It was a remarkable victory for Brown after years of legal setbacks. Brown said she was forced into prostitution and was scared for her life when she shot 43-year-old Johnny Allen in the back of the head while they were in bed together. Allen, a local real estate agent, had picked her up at an East Nashville Sonic restaurant and taken her to his home.

Brown, now 30, was tried as an adult and convicted of first-degree murder in 2006. She was given a life sentence. Had Haslam declined to intervene, Brown would not have been eligible for parole until she was 69. The state parole board, which considered Brown's case in 2018, gave the governor a split recommendation, with some recommending early release and some recommending she stay in prison....

In recent years, celebrities have highlighted her case, fueling intense interest and a renewed legal fight to get her out of prison. Activists, lawmakers and celebrities, including Rihanna and Kim Kardashian West, have cited Brown's case as an illustration of a broken justice system. Brown was a victim herself, they said, and didn't deserve her punishment.

The Gov's official press release on this decision is available at this link.

January 7, 2019 at 04:30 PM | Permalink


one wonders how accurate her story is---the victim cannot speak for himself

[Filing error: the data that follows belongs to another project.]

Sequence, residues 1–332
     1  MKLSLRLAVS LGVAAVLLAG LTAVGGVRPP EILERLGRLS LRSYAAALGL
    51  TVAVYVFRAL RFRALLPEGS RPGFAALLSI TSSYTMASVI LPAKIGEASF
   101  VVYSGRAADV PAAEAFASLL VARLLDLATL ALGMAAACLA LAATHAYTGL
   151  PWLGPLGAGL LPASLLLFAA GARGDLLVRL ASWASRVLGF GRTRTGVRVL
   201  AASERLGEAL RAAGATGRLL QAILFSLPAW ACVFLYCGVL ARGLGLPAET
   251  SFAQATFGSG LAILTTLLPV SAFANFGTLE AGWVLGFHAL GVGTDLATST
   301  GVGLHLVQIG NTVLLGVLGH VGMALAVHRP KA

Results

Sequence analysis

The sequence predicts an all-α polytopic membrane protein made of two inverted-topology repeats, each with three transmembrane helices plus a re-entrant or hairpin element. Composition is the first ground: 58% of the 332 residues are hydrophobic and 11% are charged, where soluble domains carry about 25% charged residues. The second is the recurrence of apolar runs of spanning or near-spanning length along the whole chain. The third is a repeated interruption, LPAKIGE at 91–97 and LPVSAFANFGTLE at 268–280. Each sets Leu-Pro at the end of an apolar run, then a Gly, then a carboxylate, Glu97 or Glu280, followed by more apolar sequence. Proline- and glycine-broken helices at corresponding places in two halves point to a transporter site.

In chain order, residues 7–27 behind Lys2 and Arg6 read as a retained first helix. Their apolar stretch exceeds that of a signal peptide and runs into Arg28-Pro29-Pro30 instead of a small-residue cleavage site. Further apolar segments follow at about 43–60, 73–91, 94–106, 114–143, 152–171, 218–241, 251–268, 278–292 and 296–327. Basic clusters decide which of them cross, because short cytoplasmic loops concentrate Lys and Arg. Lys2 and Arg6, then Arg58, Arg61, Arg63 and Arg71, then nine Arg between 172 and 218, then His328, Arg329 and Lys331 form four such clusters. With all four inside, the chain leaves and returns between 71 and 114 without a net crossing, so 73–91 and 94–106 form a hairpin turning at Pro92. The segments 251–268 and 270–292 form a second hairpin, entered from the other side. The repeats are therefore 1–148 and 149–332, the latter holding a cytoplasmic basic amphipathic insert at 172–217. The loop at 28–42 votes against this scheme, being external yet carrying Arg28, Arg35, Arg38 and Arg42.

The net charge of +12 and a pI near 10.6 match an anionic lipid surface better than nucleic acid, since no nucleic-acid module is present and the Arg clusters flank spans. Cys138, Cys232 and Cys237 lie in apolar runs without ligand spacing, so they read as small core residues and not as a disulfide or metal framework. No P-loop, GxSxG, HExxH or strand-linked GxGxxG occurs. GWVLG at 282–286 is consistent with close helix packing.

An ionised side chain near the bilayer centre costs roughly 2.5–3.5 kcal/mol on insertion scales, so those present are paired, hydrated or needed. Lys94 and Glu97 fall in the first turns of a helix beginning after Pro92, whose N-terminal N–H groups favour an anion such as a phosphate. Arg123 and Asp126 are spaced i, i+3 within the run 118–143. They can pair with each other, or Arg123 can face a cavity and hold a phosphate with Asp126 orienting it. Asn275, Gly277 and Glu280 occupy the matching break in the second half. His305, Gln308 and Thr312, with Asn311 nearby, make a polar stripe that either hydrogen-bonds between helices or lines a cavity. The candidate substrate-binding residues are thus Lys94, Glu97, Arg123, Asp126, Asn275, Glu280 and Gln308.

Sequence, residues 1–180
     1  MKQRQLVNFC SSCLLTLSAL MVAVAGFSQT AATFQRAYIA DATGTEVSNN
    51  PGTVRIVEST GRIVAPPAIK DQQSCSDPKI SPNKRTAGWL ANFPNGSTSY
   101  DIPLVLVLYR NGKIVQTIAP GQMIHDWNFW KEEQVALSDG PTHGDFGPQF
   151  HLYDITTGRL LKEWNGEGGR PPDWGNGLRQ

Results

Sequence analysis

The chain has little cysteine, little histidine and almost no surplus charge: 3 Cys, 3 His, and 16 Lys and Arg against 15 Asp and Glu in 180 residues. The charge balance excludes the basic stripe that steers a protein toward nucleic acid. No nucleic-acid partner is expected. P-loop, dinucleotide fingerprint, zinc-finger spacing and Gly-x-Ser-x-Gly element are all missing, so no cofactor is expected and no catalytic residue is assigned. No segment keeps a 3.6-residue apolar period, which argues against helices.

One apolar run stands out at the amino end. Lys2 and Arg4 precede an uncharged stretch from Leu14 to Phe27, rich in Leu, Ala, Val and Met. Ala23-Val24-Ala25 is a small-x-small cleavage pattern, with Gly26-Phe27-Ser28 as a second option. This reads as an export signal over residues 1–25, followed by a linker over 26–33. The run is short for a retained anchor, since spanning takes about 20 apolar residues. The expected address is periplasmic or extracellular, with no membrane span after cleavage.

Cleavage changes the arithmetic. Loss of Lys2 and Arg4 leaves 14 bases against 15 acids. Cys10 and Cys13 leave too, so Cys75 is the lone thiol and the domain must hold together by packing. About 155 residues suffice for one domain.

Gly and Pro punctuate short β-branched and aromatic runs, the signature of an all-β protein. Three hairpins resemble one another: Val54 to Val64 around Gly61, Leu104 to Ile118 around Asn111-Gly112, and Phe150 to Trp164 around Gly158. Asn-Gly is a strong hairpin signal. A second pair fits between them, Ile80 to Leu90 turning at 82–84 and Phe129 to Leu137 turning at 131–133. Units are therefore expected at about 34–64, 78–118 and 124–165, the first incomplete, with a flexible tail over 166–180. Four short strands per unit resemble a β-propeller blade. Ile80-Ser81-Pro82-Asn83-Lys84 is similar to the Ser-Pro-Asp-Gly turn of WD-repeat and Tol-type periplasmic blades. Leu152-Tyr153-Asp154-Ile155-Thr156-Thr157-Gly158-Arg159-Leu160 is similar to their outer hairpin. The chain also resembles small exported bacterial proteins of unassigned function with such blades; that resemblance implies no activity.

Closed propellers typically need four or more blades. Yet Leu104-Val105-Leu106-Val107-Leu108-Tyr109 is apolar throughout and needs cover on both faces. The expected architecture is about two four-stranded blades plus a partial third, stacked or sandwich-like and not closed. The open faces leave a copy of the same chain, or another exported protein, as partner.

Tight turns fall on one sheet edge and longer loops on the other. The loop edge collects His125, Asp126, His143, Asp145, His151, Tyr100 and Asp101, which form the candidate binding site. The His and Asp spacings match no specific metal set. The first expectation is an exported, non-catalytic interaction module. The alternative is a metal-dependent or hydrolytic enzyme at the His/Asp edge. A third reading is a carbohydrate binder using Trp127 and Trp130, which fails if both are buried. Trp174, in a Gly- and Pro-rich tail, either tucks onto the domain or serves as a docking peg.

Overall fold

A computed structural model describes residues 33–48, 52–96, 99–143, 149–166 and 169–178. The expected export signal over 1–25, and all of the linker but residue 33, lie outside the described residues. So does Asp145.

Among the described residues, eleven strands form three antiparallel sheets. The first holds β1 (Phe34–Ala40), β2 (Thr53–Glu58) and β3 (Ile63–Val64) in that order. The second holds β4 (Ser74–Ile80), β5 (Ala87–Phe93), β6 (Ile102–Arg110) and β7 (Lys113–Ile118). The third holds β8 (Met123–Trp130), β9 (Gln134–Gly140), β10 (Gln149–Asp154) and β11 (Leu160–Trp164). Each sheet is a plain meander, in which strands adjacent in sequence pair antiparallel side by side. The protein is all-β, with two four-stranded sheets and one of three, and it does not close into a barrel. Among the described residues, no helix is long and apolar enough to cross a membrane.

Posted by: federalist | Jan 8, 2019 8:06:46 AM

My problem here isn't the fact that a life sentence for a 16 year old is too harsh, my problem is that 15 years for a cold-blooded premeditated killing is much too slight. She is in effect only serving 30% of her sentence, that is one hell of a reduction. i don't think most appeals courts would look kindly on a such a large downward variance.

If he had said 25 or even 20 it would have made it easier to swallow. But this act of clemency strikes me as an overcompensation.

Posted by: Daniel | Jan 8, 2019 12:48:40 PM

This is a juvenile defendant with significant mitigation. I'm not sure the new sentence is inappropriate, but the mitigation was not a legal defense to the charge and I'm unsympathetic to claims along those grounds. 15 years does not strike me as too slight because that's still an incredibly long period of time to spend incarcerated, but it is minimal based on typical American sentences.

Posted by: Erik M | Jan 8, 2019 1:04:48 PM